Bad Luck Japan

Imagine a country. That country has more than the double of its annual income as government debt. The interest rates are at zero for almost 20 years. Deflation is a common feature. Population is getting old and decreasing. Both the Government and the Central Bank are trying their best (are they really?) to end stagnation.

It really seems like a place where you should avoid to invest your money in.

Do you know which country  I am talking about?

Of course you do! You did read the title.

Despite all the problems Japan has, it has another one. People trust them. What?

Whenever there is instability in the world markets, investors fly to Japan and the Yen looks like the rising Sun.


Is that really bad? Yes..In the crazy world of economics, sometimes when something appreciates it means bad news.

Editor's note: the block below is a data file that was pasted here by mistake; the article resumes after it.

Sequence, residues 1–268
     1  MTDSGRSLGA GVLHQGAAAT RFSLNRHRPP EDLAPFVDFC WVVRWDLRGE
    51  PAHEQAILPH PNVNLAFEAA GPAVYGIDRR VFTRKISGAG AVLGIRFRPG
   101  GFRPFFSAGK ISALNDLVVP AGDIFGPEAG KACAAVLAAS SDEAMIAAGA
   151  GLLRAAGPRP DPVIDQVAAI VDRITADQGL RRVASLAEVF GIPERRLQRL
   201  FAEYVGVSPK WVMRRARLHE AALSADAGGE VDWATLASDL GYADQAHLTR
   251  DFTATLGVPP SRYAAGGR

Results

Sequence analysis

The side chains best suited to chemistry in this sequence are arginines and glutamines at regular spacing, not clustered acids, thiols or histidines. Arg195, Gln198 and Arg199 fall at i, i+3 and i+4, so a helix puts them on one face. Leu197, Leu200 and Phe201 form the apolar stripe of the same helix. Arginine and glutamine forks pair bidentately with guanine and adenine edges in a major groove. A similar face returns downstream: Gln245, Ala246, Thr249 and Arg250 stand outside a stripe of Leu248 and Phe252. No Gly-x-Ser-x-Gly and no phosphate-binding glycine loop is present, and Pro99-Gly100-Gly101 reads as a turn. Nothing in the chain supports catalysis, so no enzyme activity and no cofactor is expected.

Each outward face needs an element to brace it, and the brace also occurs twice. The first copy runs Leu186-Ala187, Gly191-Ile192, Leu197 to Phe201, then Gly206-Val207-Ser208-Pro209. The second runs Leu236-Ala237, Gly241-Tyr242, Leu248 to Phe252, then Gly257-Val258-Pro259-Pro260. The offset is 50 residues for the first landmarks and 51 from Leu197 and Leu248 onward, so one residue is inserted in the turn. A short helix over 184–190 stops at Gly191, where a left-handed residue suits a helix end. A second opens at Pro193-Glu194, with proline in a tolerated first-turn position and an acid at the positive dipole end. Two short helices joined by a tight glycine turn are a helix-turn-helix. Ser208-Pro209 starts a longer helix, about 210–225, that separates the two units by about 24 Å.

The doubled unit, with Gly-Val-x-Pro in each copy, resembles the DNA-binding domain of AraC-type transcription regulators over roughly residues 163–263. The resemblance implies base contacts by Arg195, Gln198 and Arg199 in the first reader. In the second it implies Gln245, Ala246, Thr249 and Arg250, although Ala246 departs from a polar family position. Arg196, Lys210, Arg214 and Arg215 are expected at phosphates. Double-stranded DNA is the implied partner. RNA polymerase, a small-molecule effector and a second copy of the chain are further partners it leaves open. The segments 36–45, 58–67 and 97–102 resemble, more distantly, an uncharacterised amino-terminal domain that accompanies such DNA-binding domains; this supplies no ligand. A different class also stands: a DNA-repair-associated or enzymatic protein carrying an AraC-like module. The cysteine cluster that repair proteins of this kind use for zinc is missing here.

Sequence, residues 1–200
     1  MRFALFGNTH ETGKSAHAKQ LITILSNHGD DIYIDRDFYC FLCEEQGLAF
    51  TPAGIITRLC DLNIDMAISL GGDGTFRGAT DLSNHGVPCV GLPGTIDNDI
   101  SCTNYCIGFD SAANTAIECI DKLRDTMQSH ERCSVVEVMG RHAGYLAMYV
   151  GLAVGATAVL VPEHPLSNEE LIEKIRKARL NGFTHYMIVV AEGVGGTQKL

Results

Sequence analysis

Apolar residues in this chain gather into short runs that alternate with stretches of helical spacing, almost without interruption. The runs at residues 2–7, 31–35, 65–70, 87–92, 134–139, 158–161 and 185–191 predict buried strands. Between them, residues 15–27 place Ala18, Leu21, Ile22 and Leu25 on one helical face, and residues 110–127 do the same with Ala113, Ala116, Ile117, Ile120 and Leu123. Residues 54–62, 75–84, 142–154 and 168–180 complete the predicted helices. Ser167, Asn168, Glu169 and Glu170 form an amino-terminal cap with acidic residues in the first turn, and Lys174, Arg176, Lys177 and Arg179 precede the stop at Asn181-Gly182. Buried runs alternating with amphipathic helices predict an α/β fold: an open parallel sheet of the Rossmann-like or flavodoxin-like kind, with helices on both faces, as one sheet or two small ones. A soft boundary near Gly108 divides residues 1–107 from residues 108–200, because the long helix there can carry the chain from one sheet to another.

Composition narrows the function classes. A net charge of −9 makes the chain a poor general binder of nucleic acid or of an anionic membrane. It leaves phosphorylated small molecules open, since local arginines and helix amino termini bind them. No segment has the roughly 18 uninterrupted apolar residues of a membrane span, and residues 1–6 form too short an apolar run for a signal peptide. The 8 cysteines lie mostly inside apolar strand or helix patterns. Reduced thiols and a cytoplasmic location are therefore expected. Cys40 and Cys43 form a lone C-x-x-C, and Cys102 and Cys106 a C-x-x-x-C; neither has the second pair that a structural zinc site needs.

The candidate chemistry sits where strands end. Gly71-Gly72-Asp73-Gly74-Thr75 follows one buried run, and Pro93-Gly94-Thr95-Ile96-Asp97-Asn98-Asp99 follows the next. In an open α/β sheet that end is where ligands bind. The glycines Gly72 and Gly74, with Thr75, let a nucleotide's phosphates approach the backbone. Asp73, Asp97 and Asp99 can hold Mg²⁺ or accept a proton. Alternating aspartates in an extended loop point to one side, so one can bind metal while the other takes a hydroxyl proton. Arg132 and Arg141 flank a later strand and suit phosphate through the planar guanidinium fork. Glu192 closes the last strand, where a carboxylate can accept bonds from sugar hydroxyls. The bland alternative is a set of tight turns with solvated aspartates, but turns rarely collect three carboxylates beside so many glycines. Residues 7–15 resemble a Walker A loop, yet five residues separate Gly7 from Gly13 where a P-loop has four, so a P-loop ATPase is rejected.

If the Yen appreciates, imports get cheaper and so inflation will get even lower (which has a negative impact on debt) and it will cause a further drag on growth, as exports get more expensive.


But why does this happen?


The main reason is because although Japan is the world’s largest debtor it is also the world’s largest creditor (as its current account surpluses showed for decades), so every time there is instability in “Western” financial markets, there is a niponic exodus back home.

Well…Today, with the constant flow of information other investors will try to emulate Japanese investors and will buy the Yen when turbulence arrives.

So basically… the rising yen is another self-fulfilling prophecy.

Japan has been trying to avoid stagnation for over two decades now, but not only it faces a liquidity trap (as Paul Krugman kindly reminds us every time), but that problem is aggravated  by being trapped within its safe haven currency!